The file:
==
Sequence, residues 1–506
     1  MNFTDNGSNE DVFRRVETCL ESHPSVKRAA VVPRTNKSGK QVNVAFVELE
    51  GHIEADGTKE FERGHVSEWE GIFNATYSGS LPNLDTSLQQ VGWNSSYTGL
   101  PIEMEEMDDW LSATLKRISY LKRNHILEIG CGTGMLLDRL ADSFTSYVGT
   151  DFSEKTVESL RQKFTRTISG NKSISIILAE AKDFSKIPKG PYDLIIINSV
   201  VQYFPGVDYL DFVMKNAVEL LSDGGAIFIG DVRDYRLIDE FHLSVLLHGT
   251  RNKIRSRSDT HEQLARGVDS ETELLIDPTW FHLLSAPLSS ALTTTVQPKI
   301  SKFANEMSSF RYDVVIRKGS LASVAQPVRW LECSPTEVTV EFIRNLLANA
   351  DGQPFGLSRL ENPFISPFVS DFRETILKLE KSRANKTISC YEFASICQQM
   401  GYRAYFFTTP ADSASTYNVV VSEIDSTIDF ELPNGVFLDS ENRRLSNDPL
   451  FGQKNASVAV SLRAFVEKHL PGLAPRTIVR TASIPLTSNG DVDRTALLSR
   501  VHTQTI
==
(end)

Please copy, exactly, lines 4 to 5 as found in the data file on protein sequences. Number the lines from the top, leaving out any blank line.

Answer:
   101  PIEMEEMDDW LSATLKRISY LKRNHILEIG CGTGMLLDRL ADSFTSYVGT
   151  DFSEKTVESL RQKFTRTISG NKSISIILAE AKDFSKIPKG PYDLIIINSV